Updated: 5:25 p.m. | Posted: 10:33 a.m.
Minnesota health officials say sexually transmitted disease cases in the state rose to a record level in 2017. Overall the number of cases in Minnesota jumped 8 percent last year.
"There were an all-time high of almost 31,000 cases of chlamydia, gonorrhea and syphilis reported in 2017," said Krissie Guerard, who oversees the Minnesota Department of Health's STD prevention efforts.
Gonorrhea transmissions rose 28 percent; chlamydia infections 4 percent.
Guerard said in many cases STDs have no symptoms, underscoring the need for annual testing. Left untreated, some STDs can lead to much more serious health problems.
She said many health insurance plans pay for the testing. It's also available at low cost from numerous community-based clinics around the state. Health officials said people of color, men who have sex with men, and people who inject drugs have higher rates of STDs, HIV and Hepatitis C than the broader population.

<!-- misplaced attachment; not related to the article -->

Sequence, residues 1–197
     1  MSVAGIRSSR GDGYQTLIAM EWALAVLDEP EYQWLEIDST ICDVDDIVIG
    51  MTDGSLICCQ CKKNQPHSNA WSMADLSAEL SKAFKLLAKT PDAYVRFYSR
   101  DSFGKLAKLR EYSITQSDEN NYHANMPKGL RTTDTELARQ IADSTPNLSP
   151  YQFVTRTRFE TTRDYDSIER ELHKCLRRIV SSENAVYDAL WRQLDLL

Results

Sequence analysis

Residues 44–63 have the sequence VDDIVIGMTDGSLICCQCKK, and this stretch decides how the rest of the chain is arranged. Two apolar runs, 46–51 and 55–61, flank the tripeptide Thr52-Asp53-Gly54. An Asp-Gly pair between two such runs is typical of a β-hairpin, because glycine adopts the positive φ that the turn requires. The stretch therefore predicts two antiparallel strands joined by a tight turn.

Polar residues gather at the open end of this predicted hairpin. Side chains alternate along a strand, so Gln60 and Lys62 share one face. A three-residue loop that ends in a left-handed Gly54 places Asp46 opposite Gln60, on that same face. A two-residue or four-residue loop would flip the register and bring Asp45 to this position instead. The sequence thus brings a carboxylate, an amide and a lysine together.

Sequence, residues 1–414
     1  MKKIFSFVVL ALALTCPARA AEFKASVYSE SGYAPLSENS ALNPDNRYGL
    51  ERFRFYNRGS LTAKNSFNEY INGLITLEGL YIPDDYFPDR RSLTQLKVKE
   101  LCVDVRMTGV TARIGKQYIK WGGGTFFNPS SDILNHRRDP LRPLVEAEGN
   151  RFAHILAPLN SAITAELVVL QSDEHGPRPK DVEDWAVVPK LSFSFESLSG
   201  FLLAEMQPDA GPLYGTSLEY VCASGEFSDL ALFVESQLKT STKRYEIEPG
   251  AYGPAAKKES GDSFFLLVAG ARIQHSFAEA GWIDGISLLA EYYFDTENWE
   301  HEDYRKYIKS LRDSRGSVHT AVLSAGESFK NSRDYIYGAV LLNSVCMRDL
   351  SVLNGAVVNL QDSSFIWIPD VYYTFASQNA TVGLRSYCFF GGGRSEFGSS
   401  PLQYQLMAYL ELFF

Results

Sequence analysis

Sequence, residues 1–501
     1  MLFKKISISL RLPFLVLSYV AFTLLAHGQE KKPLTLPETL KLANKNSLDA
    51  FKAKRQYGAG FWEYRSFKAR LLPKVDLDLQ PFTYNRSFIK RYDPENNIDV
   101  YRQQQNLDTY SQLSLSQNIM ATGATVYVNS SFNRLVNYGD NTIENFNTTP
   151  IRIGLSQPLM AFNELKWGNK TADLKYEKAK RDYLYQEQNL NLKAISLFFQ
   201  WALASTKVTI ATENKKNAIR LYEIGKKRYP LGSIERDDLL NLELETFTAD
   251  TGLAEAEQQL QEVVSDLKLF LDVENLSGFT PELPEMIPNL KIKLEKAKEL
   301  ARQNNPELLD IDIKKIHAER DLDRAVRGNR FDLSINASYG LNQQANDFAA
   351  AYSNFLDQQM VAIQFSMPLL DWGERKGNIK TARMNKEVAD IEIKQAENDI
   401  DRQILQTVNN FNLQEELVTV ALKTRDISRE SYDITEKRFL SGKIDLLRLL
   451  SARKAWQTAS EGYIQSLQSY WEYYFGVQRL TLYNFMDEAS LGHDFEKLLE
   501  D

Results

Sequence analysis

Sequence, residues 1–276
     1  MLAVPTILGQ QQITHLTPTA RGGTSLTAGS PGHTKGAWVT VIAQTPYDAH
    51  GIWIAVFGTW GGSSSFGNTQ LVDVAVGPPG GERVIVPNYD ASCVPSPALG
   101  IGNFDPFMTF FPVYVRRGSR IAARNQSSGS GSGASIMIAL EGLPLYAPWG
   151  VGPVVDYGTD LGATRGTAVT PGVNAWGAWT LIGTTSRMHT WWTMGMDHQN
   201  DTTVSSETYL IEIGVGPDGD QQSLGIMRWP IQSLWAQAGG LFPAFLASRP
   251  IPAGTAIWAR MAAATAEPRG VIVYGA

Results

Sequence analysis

"If you are at high risk for HIV, STDs or Hepatitis C, we do recommend that you get tested at least annually. If you're at higher risk it should probably be done more frequently, and that would be something that you can talk with either your physician or one of our community agencies that do the testing on-site," Guerard said.
The county's Public Health Director, Ann Barry, said the increase in STD cases could stem from significantly more aggressive efforts to find and treat people who've been infected.
She added risky sexual behavior could be on the rise.
"There are ebbs and flows in our messages and I don't know that talking about sexually transmitted diseases is what we're doing right now," Barry said.
Health department officials are doing everything they can to try to turn the numbers around, Guerard said.
"So we are very concerned which has actually moved us into much of a heightened awareness so we are doing extra training both at the clinical level and at the community level," she said. "We are increasing our testing efforts. All of that in order to find all those people that are positive so we can stop spreading the disease."